Version 5.0.0

Action button

Action buttons allow users to perform an action or mark a selection. They’re used for similar, task-based options within a workflow, and are ideal for interfaces where buttons aren’t meant to draw a lot of attention.


Image illustrating through labels the component parts of an action button, including its icon, label, and hold icon.


Key example of an action button with an icon and a label Edit, and one with an icon without a label.


Action buttons should have a label whenever possible for accessibility. If a label isn’t present, it must include an icon and it becomes an icon-only action button.

Key example of an action button with an icon for Edit with a label, and one without an icon with only a text label Edit.


An action button can have an optional icon. If a label isn’t used, it becomes icon-only and must include an icon. Icon-only action buttons are best for very simple actions and should always include tooltips on hover to provide more context for the icon.

Key example four action buttons with icon and label Edit showing the size options available including small, medium, large, and extra-large.


Action buttons come in four different sizes: small, medium, large, and extra-large. The medium size is the default and most frequent option. Use the other sizes sparingly; they should be used to create a hierarchy of importance within the page.

Key examples of action buttons in the default style with a visible border and background, and examples of action buttons in quiet style without a visible background, one with the label Edit, one with both icon and the label Edit, and one with an icon only.


By default, action buttons have a visible background. This style works best in a dense array of controls where the background helps to separate action buttons from the surrounding container, or to give visibility to isolated buttons.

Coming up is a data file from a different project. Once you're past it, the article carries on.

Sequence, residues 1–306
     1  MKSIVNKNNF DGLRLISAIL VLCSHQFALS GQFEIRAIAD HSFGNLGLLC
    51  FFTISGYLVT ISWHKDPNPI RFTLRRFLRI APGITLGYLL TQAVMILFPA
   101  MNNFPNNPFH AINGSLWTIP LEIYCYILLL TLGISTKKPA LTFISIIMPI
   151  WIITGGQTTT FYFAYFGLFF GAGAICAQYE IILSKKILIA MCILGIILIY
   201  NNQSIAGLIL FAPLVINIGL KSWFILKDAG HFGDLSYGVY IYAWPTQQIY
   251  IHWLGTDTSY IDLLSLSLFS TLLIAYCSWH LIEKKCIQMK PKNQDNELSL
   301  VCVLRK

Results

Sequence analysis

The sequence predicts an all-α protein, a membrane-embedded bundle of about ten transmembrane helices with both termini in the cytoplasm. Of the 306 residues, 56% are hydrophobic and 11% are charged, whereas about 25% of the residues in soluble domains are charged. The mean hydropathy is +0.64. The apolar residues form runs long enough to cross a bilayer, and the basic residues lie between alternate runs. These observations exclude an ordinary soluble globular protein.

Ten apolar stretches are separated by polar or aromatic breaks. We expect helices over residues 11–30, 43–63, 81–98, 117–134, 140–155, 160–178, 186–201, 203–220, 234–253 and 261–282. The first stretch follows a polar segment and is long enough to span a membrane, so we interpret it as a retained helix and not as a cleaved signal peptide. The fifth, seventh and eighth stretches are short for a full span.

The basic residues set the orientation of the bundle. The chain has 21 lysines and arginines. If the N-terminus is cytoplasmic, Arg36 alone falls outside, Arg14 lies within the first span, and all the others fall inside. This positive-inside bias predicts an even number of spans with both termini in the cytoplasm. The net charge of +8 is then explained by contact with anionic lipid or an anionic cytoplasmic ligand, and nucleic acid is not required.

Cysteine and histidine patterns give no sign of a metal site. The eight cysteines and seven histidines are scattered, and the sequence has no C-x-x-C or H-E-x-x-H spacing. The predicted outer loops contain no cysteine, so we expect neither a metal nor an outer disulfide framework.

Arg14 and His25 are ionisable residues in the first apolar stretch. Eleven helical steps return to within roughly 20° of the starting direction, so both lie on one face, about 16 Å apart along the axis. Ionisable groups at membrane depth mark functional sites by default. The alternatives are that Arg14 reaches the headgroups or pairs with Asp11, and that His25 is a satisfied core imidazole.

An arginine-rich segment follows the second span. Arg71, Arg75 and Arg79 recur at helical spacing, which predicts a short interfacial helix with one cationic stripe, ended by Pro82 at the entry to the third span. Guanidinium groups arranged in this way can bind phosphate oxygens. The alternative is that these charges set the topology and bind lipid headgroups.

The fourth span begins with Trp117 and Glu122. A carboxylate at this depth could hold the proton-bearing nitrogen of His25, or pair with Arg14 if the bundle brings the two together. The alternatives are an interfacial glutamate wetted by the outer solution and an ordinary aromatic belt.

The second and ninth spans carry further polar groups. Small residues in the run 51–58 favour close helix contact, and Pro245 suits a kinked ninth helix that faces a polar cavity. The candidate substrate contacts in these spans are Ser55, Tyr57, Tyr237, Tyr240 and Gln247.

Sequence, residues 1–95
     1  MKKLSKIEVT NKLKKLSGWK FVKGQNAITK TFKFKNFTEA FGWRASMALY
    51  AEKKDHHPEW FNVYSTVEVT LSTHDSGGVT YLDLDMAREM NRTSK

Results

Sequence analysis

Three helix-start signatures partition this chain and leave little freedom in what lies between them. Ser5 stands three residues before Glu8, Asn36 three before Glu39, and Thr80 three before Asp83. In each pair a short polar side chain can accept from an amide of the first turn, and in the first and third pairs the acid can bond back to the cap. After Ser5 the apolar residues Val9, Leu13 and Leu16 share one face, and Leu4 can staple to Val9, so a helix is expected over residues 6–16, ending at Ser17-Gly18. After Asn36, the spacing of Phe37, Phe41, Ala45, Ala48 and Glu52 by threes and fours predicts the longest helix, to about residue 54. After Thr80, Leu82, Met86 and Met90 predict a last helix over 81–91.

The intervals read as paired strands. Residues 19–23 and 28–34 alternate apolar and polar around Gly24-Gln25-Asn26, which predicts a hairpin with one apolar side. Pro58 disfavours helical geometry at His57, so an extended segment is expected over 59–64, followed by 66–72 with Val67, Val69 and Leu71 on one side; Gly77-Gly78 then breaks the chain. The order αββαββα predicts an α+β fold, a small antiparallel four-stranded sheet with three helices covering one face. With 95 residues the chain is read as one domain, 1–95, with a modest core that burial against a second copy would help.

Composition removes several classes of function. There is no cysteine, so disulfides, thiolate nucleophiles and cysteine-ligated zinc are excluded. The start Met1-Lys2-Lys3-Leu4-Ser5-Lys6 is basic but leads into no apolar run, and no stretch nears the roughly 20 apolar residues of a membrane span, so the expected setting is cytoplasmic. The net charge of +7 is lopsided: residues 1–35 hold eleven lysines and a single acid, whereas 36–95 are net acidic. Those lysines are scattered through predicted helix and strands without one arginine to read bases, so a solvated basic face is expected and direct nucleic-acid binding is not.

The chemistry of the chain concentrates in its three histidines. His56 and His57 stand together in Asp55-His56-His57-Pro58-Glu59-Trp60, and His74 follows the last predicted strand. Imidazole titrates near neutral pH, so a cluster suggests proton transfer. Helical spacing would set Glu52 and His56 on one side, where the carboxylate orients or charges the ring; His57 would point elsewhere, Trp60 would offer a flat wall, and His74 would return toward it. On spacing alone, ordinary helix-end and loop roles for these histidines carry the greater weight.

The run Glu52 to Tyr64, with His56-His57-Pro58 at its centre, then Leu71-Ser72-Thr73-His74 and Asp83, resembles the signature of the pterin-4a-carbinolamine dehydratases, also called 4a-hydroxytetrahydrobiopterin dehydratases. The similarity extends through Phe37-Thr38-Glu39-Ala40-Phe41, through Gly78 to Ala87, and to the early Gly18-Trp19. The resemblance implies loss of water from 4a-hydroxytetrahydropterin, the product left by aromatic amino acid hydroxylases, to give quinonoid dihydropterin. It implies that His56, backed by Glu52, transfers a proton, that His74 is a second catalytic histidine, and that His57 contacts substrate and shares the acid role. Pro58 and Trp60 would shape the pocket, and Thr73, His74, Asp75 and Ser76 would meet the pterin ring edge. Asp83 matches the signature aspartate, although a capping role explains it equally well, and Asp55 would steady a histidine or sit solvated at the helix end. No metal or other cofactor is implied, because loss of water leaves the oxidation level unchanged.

Alternatively, quiet action buttons can have no visible background until they’re interacted with. This style works best when a clear layout (vertical stack, table, grid) makes it easy to parse the buttons. Too many quiet components in a small space can be hard to read.

Key example showing an action button with an icon and label Edit in its default and selected state side-by-side, for both default and quiet styles.


An action button can have a selected state to allow for toggling — not only for taking a direct action. This can be used to disclose parts of an interface, such as for showing or hiding panels.

Key example showing selected action buttons with and without emphasis, with an icon and the label Edit.


By default, action buttons are not emphasized. This is optimal for when an action button is not the core part of an interface, such as in application panels, where all the visual components are monochrome in order to direct focus to the content.